Fairtrade works within the market to change the market. Every farmer and worker deserves the chance of a better future. By choosing Fairtrade products consumers enable these producers to take control of their lives. The powerful connection between producers and consumers remains a fundamental pillar of Fairtrade.


Sustainability: A Core Business Activity

When Fairtrade first introduced new ways of doing business, most companies considered poverty in producer countries as a problem for governments and policy-makers to deal with. Twenty-five years later, businesses are increasingly realizing the importance of sustainable supply chains and are partnering with Fairtrade to help achieve them.

In 2016, Italian confectionery company, Ferrero, committed to doubling the amount of cocoa it purchases from Fairtrade farmers – to 40,000 metric tonnes over the next three years. Ferrero is also collaborating with Fairtrade on cane sugar with plans to source 20,000 metric tonnes between mid-2016 and 2019. Read more

In the wake of the deadly Rana Plaza textile factory collapse in Bangladesh, consumers are increasingly calling for fair fashion. Fairtrade has ramped up its work on a Textile Standard and Programme, extending the Fairtrade approach to the entire textile supply chain, and enabling businesses to certify their supply chain against Fairtrade Standards. Fairtrade’s Textiles Manager shares her thoughts on why her love of fashion shouldn’t mean that workers suffer. Learn about the Standard | Read more about our first partners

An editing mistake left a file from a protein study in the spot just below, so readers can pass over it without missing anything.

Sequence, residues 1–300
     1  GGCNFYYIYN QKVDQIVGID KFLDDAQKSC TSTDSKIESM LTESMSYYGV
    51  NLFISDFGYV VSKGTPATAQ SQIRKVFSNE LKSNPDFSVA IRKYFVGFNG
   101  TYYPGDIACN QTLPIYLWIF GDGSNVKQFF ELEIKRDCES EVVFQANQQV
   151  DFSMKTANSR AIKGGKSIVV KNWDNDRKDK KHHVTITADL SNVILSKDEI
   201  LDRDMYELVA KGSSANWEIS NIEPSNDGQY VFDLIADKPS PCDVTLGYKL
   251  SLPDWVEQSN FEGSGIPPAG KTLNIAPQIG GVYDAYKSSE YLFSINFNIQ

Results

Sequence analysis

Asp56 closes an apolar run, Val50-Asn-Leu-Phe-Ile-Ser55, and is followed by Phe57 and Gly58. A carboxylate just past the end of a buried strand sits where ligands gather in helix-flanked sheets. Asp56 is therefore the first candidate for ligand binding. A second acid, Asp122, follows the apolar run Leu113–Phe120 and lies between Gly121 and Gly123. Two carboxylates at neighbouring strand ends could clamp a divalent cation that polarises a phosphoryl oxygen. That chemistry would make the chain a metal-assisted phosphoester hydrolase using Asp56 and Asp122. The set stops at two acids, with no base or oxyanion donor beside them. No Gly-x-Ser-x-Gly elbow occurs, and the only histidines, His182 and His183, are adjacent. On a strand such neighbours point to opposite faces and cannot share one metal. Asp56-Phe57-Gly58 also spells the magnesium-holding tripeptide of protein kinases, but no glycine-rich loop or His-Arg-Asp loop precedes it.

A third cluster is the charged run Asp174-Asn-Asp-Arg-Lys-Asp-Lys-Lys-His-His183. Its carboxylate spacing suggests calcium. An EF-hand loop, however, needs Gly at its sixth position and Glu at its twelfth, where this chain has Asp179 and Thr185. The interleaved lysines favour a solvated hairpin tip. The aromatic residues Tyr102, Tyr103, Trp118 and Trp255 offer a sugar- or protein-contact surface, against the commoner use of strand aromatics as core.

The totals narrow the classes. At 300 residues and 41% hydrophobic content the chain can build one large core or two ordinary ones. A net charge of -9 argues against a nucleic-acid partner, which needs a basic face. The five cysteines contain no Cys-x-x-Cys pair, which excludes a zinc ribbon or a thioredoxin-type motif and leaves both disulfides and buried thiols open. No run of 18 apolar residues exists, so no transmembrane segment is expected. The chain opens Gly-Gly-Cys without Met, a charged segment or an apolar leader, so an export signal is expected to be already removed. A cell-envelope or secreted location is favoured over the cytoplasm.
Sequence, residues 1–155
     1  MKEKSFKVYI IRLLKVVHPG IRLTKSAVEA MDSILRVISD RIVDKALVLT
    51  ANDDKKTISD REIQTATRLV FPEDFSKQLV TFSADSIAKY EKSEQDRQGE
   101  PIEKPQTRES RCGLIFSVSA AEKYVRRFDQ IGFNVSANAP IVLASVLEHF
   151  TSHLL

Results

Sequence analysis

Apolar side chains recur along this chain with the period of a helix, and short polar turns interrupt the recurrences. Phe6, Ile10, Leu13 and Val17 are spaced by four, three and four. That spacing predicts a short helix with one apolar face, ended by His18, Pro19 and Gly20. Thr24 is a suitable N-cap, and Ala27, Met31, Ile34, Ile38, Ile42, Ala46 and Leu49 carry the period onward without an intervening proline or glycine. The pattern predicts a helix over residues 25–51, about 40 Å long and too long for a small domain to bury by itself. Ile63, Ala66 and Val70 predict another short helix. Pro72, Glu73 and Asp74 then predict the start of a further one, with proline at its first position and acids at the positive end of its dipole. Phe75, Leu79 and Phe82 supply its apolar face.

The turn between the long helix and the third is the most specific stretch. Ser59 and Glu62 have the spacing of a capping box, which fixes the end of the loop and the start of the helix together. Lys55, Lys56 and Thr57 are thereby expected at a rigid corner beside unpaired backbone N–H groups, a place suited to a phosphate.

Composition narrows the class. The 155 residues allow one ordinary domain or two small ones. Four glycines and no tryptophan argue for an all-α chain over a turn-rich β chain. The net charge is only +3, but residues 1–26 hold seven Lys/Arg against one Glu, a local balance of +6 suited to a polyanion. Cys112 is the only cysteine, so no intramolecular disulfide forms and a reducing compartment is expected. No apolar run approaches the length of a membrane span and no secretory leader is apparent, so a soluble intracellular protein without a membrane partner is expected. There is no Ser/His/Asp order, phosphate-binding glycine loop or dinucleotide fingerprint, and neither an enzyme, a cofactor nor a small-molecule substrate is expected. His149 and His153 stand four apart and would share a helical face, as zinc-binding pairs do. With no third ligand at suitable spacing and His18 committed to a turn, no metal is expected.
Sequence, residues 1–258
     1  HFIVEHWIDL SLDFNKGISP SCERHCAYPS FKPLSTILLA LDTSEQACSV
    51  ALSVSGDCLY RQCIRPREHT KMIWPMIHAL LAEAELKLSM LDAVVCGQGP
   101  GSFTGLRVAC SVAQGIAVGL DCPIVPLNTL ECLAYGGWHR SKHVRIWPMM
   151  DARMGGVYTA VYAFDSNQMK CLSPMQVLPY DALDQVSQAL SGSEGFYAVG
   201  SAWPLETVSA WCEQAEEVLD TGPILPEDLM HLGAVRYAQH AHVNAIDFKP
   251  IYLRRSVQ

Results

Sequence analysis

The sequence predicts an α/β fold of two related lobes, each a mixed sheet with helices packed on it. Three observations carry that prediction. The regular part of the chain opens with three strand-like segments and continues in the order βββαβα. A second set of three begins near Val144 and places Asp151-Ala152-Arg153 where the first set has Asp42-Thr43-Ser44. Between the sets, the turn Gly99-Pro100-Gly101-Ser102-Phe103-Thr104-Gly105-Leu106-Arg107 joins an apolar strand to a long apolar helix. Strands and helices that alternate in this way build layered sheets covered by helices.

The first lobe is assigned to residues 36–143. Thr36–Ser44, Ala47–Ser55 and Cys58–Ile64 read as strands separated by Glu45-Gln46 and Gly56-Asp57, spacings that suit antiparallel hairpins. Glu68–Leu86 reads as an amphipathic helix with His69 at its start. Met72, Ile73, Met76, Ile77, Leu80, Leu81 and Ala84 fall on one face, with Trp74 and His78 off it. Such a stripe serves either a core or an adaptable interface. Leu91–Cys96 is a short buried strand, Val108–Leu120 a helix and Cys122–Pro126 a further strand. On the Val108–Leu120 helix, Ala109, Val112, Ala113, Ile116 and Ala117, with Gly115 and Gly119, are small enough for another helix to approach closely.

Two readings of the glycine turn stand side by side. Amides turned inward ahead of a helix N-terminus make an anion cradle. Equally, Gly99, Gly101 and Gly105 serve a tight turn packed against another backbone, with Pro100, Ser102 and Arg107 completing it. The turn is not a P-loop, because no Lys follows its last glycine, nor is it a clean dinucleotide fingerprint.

Communities Campaigning for Change

Originating in the UK 16 years ago, the international Fair Trade Town movement now numbers more than 1,800 Fair Trade Towns across 28 countries. This grassroots initiative – driven by supporters campaigning for trade justice – is unique to Fairtrade. Now communities in developing markets are increasingly taking up the challenge to make change happen.

For example, in 2015 a Fair Trade Towns and Villages campaign was launched in Latin America. Campaigners in India are working towards their first Fair Trade towns – Pondicherry and Auroville. In 2015, activist Pushpanath Krishnamurthy embarked on a 450km walk from Pondicherry to Ooty via Auroville to raise awareness and support for fair trade in the country. Ahead of the 2016 Fair Trade Towns conference, nine Lebanese villages achieved Fair Trade Town status. The 2016 conference in Baskinta, Lebanon was the first to be held in a developing nation.
Learn more about the 2016 Fair Trade Towns conference | View the International Fair Trade Towns website

2016 also saw the first global, coordinated Fairtrade consumer campaign, the World Fairtrade Challenge. Coffee lovers around the world were urged to get together and drink a record amount of Fairtrade coffee to show support for farmers hit by climate change. Read more

What's next?

Building on the Fairtrade Sourcing Programs, we are going ‘beyond the label’ to create new ways of working with companies and brands. Rooted in the Fairtrade principles of empowerment, capacity, transparency and fair pricing, they will complement our core work with the FAIRTRADE Mark and open up new opportunities for businesses to meet their sustainability commitments through long-term partnerships with Fairtrade.


Global sales rose 16 percent on 2014 +


Click on the pins below to view estimated Fairtrade retail sales by country and find out more about the organizations promoting Fairtrade around the world.